Balfour Beatty reported first half underlying revenue of £4.1bn, broadly flat year-on-year.
However, operating profits came in at £60m, up from a £14m loss in 2020. That reflects good cost control, gains on disposals of investments and improved results in the group's joint venture partners.
The board declared an interim dividend of 3.0p, up 43% on its pre-pandemic level. The group has also completed £100m of its planned £150m share buyback programme.
Balfour Beatty shares fell 3.5% in early trading.
Balfour has taken the pandemic more or less in its stride. Many of Balfour's sites remained open during the disruption, and profits are on track to return to 2019 levels this year. Management are now in a position to look at expansion rather than just preservation.
The background is supportive. We're seeing governments gearing up to spend big on infrastructure as the recovery gets underway. That should provide support for large construction groups, although it's yet to hit order books.
However, even in the good times margins in the construction sector are pitifully thin. An operating profit margin of 3% is pretty impressive in the UK, while in the US as low as 2% is good going. Such low margins leave little room for error and unfortunately Balfour, like the wider construction business, is accident prone.
London residential property contracts are an excellent example this year. When Balfour agrees to a fixed fee contract it takes on all the risks of a cost overrun. The pandemic delayed progress on some of those contracts - pushing out production scheduled and wiping out all profit, not only that project but across the whole UK construction business. Such is the risk of very low margins.
In future the group will avoid fixed-price residential property contracts in central London altogether. That may avoid repeats of past blunders, but it continues a trend of Balfour restricting where it operates. So long as there's enough work to do in its remaining markets that's no bad thing, but construction is a notoriously fickle business and work quickly dries up when the economy takes a turn for the worse.
Still, we've been impressed by Balfour's ability to win, and keep hold of, business contracts during the disruption. A growing order book is not something all construction companies can boast. Quinn's more disciplined approach to managing the business also means the balance sheet is in reasonably good shape.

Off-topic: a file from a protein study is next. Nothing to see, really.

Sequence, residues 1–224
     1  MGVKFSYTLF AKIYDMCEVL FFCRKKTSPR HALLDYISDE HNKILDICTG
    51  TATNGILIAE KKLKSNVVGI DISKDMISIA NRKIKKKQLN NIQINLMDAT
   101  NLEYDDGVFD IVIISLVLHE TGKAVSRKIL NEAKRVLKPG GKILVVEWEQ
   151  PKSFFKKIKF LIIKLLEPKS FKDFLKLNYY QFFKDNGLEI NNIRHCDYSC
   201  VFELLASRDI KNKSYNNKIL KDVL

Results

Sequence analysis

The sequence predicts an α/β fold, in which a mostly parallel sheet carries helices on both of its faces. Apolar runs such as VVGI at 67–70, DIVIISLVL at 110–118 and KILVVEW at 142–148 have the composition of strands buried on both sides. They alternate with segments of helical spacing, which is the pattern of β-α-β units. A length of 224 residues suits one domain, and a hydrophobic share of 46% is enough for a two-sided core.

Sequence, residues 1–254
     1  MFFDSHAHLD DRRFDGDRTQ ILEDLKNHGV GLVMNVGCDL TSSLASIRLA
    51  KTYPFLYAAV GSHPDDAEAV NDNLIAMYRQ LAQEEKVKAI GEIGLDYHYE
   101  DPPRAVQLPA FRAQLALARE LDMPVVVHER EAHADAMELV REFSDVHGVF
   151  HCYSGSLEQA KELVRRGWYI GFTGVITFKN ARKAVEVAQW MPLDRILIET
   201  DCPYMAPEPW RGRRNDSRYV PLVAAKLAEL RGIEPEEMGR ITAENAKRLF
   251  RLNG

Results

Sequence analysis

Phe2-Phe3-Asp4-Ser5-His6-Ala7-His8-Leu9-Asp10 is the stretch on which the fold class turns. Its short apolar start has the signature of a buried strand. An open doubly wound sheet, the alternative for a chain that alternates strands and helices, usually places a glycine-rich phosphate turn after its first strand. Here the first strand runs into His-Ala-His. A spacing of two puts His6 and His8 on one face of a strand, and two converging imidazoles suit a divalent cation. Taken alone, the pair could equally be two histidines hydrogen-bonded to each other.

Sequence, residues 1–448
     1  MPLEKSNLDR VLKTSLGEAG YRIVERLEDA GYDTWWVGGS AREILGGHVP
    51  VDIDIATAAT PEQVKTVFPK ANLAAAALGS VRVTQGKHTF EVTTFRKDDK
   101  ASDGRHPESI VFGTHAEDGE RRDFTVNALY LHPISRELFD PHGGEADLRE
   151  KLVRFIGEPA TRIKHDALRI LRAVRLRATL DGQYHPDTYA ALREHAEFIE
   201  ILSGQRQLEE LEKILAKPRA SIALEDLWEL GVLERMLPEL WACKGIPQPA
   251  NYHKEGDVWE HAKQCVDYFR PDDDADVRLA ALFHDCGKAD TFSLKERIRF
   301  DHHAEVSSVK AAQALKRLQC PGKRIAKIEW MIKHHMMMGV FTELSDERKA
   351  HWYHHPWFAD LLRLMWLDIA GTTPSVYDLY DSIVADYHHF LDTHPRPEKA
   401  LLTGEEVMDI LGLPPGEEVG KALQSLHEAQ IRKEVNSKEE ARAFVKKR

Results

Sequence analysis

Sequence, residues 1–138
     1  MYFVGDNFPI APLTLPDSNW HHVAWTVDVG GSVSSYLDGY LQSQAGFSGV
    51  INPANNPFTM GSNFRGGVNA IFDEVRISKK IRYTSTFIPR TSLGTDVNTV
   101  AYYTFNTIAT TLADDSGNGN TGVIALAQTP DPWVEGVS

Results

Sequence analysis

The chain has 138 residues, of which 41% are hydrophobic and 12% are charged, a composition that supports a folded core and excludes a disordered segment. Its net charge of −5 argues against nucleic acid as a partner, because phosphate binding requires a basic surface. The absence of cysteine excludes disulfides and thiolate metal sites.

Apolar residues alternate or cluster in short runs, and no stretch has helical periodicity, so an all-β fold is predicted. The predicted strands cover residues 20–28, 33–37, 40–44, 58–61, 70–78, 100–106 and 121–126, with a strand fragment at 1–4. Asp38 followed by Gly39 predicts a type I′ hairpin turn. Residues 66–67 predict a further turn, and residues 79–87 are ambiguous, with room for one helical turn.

Which brings us to the dividend.
Having trimmed the pay-out during the pandemic the group has now delivered a significant hike. The very strong balance sheet will have played a part in that, as has forecasts for margin growth in support services and good demand for the group's infrastructure investments.
However, investors should remember Balfour Beatty's fortunes will wax and wane with the wider economy. The group has only committed to paying out 40% of underlying profit after tax, and if a government led infrastructure boom will help fails to make it through to the bottom line then the dividend will be on the chopping block.
Balfour Beatty key facts
- Price/Earnings ratio: 13.3
- 10 year average Price/Earnings ratio: 13.2
- Prospective dividend yield (next 12 months): 2.7%
All ratios are sourced from Refinitiv. Please remember yields are variable and not a reliable indicator of future income. Keep in mind key figures shouldn't be looked at on their own - it's important to understand the big picture.
Half Year Results
Across its Construction Services businesses Balfour Beatty reported an underlying operating profit of £6m. That's up on the £11m loss reported in 2020, but was held back by a £23m loss in the UK business which partially offset profits in the US and Gammon of £20m and £9m respectively. UK losses reflect problems at central London residential property projects - where COVID has led to a rise in costs. The divisional order book fell from £13.7bn a year ago to £13.5bn at the end of the half.
Support Services reported a 16.6% increase in revenues, reaching £555m, with operating profit rising from £10m a year ago to £54m. Management put the better results down to the refocussing of the business on power, road and rail maintenance. Volumes in those businesses rose year-on-year, while the exit from the gas and water sector put an end to losses in those divisions. The divisional order book fell from £3.0bn at the half year stage in 2020 to £2.6bn.
Balfour's Infrastructure Investments business reported a pre-disposal profit of £8m - broadly in line with pre-pandemic levels. The group also reported a £7m profit on disposal of its stake in the BH Children's and Women's hospitals in Vancouver. The group completed further sales after the period end and reported strong demand for infrastructure assets in the secondary market. Total operating profits came in at £15m. The director's valuation of the portfolio now stands at £1.08bn.
Over the course of the year the half the group reported average net cash on hand of £611m, up from £527m a year ago. After £97m of share buybacks and net cash from infrastructure sales of £12m, the group saw a net cash inflow of £44m.
Management expect full year earnings to be in line with what was achieved in 2019. Support service margins are now expected to rise from 3-5% to 6-8% in 2022.
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